Ferguson, B. J., Indrasumunar, A., Hayashi, S., Lin, M. H., Lin, Y. H., Reid, D. E., et al. (2010). Molecular analysis of legume nodule development and autoregulation. J. Integr. Plant Biol. 52, 61–76. doi: 10.1111/j.1744-7909.2010.00899.x
Fernández-Marcos, M., Sanz, L., Lewis, D. R., Muday, G. K., and Lorenzo, O. (2011). Nitric oxide causes root apical meristem defects and growth inhibition while reducing PIN-FORMED 1 (PIN1)-dependent acropetal auxin transport. Proc. Natl. Acad. Sci. U.S.A. 108, 18506–18511. doi: 10.1073/pnas.1108644108
Formey, D., Sallet, E., Lelandais-Brière, C., Ben, C., Bustos-Sanmamed, P., Niebel, A., et al. (2014). The small RNA diversity from Medicago truncatula roots under biotic interactions evidences the environmental plasticity of the miRNAome. Genome Biol. 15:457. doi: 10.1186/s13059-014-0457-4
Fu, J., Chu, J., Sun, X., Wang, J., and Yan, C. (2012). Simple, rapid, and simultaneous assay of multiple carboxyl containing phytohormones in wounded tomatoes by UPLC-MS/MS using single SPE purification and isotope dilution. Anal. Sci. 28, 1081–1087. doi: 10.2116/analsci.28.1081
Ge, Y., Li, Y., Zhu, Y. M., Bai, X., Lv, D. K., Guo, D., et al. (2010). Global transcriptome profiling of wild soybean (Glycine soja) roots under NaHCO3treatment. BMC Plant Biol. 10:153. doi: 10.1186/1471-2229-10-153
Grunewald, W., Smet, I. D., Lewis, D. R., Löfke, C., Jansen, L., Goeminne, G., et al. (2012). Transcription factor WRKY23 assists auxin distribution patterns during Arabidopsis root development through local control on flavonol biosynthesis. Proc. Natl. Acad. Sci. U.S.A. 109, 1554–1559. doi: 10.1073/pnas.1121134109
Guan, R., Qu, Y., Guo, Y., Yu, L., Liu, Y., Jiang, J., et al. (2014). Salinity tolerance in soybean is modulated by natural variation in GmSALT3. Plant J. 80, 937–950. doi: 10.1111/tpj.12695
Hackenberg, M., Shi, B.-J., Gustafson, P., and Langridge, P. (2013). Characterization of phosphorus-regulated miR399 and miR827 and their isomirs in barley under phosphorus-sufficient and phosphorus-deficient conditions. BMC Plant Biol. 13:214. doi: 10.1186/1471-2229-13-214
Helariutta, Y., Fukaki, H., Wysocka-Diller, J., Nakajima, K., Jung, J., Sena, G., et al. (2000). The shoot-root gene controls radial patterning of the Arabidopsis root through radial signaling. Cell 101, 555–567. doi: 10.1016/S0092-8674(00)80865-X
Horiguchi, G., Kim, G., and Tsukaya, H. (2005). The transcription factor AtGRF5 and the transcription coactivator AN3 regulate cell proliferation in leaf primordia of Arabidopsis thaliana. Plant J. 43, 68–78. doi: 10.1111/j.1365-313X.2005.02429.x
Hsieh, L. C., Lin, S. I., Shih, A. C., Chen, J. W., Lin, W. Y., Tseng, C. Y., et al. (2009). Uncovering small RNA-mediated responses to phosphate deficiency in Arabidopsis by deep sequencing. Plant Physiol. 151, 2120–2132. doi: 10.1104/pp.109.147280
Im, J. H., Lee, H., Kim, J., Kim, H. B., and An, C. S. (2012). Soybean MAPK, GMK1 is dually regulated by phosphatidic acid and hydrogen peroxide and translocated to nucleus during salt stress. Mol. Cells 34, 271–278. doi: 10.1007/s10059-012-0092-4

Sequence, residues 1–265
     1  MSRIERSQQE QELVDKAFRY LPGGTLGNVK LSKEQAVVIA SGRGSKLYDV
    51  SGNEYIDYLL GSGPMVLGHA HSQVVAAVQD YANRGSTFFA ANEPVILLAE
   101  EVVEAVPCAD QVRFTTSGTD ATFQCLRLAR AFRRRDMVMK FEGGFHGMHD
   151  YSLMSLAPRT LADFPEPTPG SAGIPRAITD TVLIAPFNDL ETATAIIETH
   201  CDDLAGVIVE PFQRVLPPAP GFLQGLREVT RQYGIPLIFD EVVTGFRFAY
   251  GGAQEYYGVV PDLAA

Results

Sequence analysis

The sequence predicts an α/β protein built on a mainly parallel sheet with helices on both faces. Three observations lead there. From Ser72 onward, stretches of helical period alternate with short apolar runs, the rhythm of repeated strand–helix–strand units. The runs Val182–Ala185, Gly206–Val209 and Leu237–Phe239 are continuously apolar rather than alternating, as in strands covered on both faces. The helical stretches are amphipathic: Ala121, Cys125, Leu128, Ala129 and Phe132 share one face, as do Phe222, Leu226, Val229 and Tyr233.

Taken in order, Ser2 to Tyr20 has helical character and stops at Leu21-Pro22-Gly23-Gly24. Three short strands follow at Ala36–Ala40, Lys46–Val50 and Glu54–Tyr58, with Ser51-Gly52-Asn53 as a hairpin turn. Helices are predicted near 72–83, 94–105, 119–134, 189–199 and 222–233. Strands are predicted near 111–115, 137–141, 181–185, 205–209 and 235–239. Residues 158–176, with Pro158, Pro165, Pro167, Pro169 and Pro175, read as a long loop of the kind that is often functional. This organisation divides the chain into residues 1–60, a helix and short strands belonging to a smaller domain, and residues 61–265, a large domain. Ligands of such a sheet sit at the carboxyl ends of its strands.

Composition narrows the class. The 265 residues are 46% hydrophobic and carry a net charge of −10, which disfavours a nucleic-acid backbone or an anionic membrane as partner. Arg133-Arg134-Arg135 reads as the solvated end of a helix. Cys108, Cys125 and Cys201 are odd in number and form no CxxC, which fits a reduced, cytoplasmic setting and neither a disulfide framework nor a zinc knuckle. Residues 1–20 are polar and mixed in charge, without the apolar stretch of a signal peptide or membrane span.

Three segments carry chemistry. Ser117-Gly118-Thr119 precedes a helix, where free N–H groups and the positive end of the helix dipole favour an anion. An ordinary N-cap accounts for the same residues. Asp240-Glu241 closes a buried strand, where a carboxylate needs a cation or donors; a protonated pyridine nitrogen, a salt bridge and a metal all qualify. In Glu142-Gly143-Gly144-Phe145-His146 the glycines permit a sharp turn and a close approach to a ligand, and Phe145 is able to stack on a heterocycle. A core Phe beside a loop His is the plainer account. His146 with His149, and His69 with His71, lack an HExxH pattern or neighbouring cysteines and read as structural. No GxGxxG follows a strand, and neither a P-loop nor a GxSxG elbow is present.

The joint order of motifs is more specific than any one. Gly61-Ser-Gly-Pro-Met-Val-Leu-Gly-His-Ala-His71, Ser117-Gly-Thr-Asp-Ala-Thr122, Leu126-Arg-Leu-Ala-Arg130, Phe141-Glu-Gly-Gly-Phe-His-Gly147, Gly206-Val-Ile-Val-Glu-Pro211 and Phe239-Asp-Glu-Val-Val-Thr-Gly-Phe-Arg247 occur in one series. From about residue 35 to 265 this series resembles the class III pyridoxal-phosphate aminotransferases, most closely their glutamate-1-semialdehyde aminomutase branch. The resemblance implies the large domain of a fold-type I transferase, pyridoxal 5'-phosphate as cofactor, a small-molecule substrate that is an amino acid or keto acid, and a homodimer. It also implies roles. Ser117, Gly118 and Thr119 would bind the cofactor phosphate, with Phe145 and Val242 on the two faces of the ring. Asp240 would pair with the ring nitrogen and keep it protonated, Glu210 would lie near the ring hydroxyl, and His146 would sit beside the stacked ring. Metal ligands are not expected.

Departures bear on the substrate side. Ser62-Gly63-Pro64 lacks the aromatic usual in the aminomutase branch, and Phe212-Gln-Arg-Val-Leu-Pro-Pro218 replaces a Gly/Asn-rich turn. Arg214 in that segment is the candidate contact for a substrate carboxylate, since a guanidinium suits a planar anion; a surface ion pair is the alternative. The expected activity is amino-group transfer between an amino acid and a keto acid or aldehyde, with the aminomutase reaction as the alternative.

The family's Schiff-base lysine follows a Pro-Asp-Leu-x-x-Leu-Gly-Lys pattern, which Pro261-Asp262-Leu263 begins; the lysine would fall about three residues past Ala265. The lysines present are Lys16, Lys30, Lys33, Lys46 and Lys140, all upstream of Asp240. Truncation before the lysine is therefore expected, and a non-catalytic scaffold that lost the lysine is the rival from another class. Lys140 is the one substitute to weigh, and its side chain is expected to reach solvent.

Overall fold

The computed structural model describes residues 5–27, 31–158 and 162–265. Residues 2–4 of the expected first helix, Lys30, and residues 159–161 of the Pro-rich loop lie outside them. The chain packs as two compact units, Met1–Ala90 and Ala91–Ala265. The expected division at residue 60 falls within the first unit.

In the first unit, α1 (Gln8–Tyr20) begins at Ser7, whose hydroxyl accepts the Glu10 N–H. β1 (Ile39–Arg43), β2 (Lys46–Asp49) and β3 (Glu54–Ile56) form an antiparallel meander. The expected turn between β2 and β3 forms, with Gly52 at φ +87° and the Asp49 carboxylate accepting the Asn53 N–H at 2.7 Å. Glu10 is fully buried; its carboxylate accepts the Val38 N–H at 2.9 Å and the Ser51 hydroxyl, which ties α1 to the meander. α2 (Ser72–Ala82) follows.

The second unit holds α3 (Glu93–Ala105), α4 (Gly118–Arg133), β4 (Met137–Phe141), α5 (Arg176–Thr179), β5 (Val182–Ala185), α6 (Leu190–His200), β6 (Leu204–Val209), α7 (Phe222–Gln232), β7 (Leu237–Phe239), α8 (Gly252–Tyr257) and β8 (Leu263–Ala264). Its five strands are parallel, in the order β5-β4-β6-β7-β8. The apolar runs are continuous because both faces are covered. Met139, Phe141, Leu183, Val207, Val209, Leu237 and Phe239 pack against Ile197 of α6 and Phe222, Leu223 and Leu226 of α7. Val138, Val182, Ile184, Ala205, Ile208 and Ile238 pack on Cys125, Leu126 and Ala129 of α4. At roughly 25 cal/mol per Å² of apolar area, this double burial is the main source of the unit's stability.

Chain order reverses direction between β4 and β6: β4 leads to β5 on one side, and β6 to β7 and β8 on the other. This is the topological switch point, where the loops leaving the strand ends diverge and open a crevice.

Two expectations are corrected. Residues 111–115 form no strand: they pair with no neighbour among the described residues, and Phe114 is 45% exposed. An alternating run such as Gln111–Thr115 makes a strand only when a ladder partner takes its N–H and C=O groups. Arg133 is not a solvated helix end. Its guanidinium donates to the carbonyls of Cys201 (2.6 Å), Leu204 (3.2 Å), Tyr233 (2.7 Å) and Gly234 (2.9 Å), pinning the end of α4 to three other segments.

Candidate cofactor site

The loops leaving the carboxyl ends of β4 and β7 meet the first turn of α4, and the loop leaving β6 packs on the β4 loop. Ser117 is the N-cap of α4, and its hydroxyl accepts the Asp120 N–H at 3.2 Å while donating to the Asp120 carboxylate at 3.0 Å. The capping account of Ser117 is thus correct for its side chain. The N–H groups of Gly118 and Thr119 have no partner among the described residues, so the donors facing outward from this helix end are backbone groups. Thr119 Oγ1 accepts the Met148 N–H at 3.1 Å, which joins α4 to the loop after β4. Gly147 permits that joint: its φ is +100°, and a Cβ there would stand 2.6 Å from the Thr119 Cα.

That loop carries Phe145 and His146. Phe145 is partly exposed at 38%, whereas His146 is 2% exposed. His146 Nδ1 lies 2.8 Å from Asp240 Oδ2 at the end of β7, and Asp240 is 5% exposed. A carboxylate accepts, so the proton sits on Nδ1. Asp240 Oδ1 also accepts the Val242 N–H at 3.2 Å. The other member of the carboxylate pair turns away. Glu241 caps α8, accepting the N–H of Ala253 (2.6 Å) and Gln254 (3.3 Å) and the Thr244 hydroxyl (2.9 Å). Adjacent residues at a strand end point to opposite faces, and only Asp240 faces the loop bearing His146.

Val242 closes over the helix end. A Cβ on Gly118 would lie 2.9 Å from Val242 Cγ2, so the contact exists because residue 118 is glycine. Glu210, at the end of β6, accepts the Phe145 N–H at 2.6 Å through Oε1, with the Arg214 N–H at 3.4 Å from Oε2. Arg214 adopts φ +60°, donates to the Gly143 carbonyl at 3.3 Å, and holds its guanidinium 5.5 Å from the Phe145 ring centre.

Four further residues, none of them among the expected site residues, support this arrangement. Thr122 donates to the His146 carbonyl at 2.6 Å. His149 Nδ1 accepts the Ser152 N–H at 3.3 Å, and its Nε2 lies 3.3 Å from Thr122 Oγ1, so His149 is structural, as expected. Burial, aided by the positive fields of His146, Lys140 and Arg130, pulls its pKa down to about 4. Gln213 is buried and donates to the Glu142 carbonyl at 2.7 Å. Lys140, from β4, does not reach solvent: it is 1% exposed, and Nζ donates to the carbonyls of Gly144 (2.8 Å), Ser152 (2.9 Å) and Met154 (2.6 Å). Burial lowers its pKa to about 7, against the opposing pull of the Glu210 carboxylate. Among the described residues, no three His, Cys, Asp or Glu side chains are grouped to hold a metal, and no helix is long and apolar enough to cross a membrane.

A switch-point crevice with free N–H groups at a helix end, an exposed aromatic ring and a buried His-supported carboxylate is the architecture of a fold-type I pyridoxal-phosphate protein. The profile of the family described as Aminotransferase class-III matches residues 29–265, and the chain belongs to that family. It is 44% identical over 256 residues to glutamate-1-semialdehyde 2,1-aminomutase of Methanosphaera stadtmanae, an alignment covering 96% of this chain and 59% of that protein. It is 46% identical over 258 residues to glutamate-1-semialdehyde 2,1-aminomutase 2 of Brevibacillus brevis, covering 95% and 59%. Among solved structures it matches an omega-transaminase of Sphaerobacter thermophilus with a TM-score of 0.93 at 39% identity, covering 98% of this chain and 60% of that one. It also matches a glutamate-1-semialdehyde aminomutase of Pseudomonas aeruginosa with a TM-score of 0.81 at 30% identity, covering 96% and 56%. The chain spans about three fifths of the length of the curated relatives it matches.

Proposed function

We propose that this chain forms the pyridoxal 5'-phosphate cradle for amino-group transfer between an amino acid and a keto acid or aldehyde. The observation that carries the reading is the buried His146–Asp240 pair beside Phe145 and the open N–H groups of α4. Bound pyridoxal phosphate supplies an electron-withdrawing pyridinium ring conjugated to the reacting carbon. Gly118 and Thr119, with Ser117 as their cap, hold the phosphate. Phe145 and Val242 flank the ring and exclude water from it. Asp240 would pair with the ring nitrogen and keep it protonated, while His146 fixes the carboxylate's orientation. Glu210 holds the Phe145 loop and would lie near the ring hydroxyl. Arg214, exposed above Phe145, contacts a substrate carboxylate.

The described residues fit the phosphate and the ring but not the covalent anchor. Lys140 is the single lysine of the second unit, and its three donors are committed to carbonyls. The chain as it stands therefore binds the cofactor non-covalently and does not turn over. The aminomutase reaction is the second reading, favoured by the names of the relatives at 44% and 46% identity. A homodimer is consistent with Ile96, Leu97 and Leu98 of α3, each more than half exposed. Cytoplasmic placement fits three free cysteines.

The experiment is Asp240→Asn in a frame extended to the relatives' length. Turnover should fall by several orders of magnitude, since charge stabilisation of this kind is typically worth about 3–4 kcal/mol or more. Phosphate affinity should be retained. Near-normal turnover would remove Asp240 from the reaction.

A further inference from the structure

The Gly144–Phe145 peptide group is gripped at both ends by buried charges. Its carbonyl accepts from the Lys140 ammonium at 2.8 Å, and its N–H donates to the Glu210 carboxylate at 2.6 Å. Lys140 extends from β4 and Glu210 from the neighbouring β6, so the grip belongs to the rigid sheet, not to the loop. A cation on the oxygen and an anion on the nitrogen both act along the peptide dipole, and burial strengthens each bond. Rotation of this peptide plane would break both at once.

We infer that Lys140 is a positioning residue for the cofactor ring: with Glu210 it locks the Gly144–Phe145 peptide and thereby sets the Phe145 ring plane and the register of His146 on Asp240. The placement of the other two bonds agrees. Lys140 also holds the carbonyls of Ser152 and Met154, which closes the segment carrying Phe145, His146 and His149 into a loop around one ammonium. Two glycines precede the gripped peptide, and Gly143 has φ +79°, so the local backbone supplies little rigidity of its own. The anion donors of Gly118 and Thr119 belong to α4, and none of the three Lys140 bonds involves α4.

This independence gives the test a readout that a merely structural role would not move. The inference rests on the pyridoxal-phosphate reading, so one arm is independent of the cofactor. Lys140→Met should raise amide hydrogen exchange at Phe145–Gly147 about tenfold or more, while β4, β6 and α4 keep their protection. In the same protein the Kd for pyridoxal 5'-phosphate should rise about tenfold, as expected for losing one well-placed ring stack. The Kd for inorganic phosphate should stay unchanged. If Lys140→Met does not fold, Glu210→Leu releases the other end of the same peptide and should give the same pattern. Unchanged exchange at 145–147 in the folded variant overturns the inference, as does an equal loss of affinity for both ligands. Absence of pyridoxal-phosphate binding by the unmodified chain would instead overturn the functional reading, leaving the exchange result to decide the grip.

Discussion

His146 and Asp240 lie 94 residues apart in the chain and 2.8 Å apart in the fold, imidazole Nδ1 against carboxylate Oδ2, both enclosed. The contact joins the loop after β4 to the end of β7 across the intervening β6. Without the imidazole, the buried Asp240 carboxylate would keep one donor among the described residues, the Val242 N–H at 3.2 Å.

Ji, H., Liu, L., Li, K., Xie, Q., Wang, Z., Zhao, X., et al. (2014). PEG-mediated osmotic stress induces premature differentiation of the root apical meristem and outgrowth of lateral roots in wheat. J. Exp. Bot. 65, 4863–4872. doi: 10.1093/jxb/eru255
Jia, X., Wang, W. X., Ren, L., Chen, Q. J., Mendu, V., Willcut, B., et al. (2009). Differential and dynamic regulation of miR398 in response to ABA and salt stress in Populus tremula and Arabidopsis thaliana. Plant Mol. Biol. 71, 51–59. doi: 10.1007/s11103-009-9508-8
Jian, B., Hou, W., Wu, C., Liu, B., Liu, W., Song, S., et al. (2009). Agrobacterium rhizogenes-mediated transformation of Superroot-derived Lotus corniculatus plants: a valuable tool for functional genomics. BMC Plant Biol. 9:78. doi: 10.1186/1471-2229-9-78
Jiang, K., and Feldman, L. (2002). Root meristem establishment and maintenance: the role of auxin. J. Plant Growth Regul. 21, 432–440. doi: 10.1007/s00344-002-0037-9
Kereszt, A., Li, D., Indrasumunar, A., Nguyen, C. D. T., Nontachaiyapoom, S., Kinkema, M., et al. (2007). Agrobacterium rhizogenes-mediated transformation of soybean to study root biology. Nat. Protoc. 2, 948–952. doi: 10.1038/nprot.2007.141
Kerk, N. M., Jiang, K., and Feldman, L. J. (2000). Auxin metabolism in the root apical meristem. Plant Physiol. 122, 925–932. doi: 10.1104/pp.122.3.925
Khraiwesh, B., Zhu, J. K., and Zhu, J. (2012). Role of miRNAs and siRNAs in biotic and abiotic stress responses of plants. Biochim. Biophys. Acta 1819, 137–148. doi: 10.1016/j.bbagrm.2011.05.001
Kulcheski, F. R., Marcelino-Guimaraes, F. C., Nepomuceno, A. L., Abdelnoor, R. V., and Margis, R. (2010). The use of microRNAs as reference genes for quantitative polymerase chain reaction in soybean. Anal. Biochem. 406, 185–192. doi: 10.1016/j.ab.2010.07.020
Kuo, H. F., and Chiou, T. J. (2011). The role of microRNAs in phosphorus deficiency signaling. Plant Physiol. 156, 1016–1024. doi: 10.1104/pp.111.175265
Lavenus, J., Goh, T., Roberts, I., Guyomarc'h, S., Lucas, M., De Smet, I., et al. (2013). Lateral root development in Arabidopsis: fifty shades of auxin. Trends Plant Sci. 18, 450–458. doi: 10.1016/j.tplants.2013.04.006